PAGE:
Sergeant Talaiasi Labalaba, a Fijian member of the elite British Special Air Service (SAS), single-handedly held off 250 attackers from taking an army base 46 years ago.
Labalaba, renowned as one of the SAS's greatest heroes, gave his life in an epic struggle to defend his fellow soldiers at the Battle of Mirbat, in what is now Yemen, in 1972.
Labalaba and eight fellow SAS soldiers were stationed at a British Army training team house just outside the port of Mirbat in Oman.
For a year the crack unit had been on a secret assignment, codenamed Operation Jaguar, to protect the Sultan of Oman from an insurgent force, the People's Front for the Liberation of the Occupied Arab Gulf.
On the morning of July 19, 1972, 250 of the Front's best fighters stormed the port in a surprise attack that left the nine SAS men pinned down inside their fort.
Labalaba, 30, knew that without heavier fire power, the unit faced almost certain annihilation. In a daring break, he sprinted across an exposed 800 yard stretch to reach a 25-pound field gun.
The gun usually required three men to operate it, and by the time he reached it Labalaba was soaked in blood from a bullet wound to his jaw.
But the elite soldier, still under heavy fire, spun the cumbersome weapon to face the advancing guerrilla fighters and opened up from close range, decimating them.
Ignoring his wounds he continued to hold off the 250 Front fighters for six hours.
Captain Mike Kealy and comrades Tommy Tobin and Sekonaia Takavesi also ran the 800 yard gauntlet to try to save the courageous sergeant's life.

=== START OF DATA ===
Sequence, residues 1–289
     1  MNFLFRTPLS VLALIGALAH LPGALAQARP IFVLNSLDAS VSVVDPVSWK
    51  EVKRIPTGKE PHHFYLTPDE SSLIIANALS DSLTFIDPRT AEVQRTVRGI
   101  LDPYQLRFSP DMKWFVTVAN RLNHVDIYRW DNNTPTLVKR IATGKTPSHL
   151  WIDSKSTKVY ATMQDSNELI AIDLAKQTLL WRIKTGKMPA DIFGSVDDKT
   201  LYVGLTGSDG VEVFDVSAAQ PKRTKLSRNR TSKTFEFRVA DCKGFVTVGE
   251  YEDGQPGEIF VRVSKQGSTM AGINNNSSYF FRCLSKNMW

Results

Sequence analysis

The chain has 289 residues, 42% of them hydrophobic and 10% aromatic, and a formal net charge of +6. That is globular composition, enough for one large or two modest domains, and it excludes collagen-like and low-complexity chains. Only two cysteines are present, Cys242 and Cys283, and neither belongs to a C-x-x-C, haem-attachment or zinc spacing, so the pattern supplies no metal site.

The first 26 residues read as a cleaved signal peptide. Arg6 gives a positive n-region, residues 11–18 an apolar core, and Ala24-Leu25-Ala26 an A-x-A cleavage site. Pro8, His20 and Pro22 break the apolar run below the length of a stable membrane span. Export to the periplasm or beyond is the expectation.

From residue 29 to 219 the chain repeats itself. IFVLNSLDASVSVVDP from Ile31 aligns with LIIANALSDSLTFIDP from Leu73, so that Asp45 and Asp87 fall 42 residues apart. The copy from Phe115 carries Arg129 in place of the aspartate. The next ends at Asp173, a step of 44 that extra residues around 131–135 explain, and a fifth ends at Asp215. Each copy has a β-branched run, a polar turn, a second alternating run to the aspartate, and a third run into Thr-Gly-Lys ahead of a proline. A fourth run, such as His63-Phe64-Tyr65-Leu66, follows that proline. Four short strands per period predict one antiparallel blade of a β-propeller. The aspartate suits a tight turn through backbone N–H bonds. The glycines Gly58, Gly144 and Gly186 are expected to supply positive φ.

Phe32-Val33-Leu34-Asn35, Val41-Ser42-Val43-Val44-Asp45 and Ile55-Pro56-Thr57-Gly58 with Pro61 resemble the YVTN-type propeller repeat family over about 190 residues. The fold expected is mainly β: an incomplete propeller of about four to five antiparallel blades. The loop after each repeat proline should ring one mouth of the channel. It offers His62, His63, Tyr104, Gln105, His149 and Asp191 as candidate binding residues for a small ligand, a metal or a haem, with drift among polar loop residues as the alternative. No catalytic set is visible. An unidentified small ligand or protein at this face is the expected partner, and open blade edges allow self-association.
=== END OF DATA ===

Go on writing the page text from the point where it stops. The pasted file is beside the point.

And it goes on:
They arrived too late, but Labalaba had held off the guerrilla force long enough for the Sultan's Strikemaster jets to arrive.
The jets drove back the attackers while reinforcements from nearby Salalah were organized.
In SAS: Operation Storm, a book recounting the battle, fellow trooper Roger Cole wrote that the fight would surely have been lost had Labalaba not taken the 25-pounder.
The sergeant was posthumously awarded a Mention in Dispatches for his bravery, and his body was returned to England, where it was buried at St Martin's Church in Hereford.
A statue to the war hero was erected at the SAS headquarters outside the town in 2009.
Labalaba is an enduring legend among Fijians, 1,250 of whom are currently serving in the British Army.
After the ceremony the couple boarded their Qantas charter fight for the South Pacific nation of Tonga, the third country they are visiting during their 16-day trip on behalf of the Queen.
There they will receive an official welcome to the country from Her Royal Highness The Princess Angelika Latufuipeka at the airport.
Later they will be the guests of honour at another welcome reception and dinner in Nuku’alofa with the Tongan ruler, King Tupou VI and his wife, Queen Nanasipau’u, with traditional Tongan entertainment.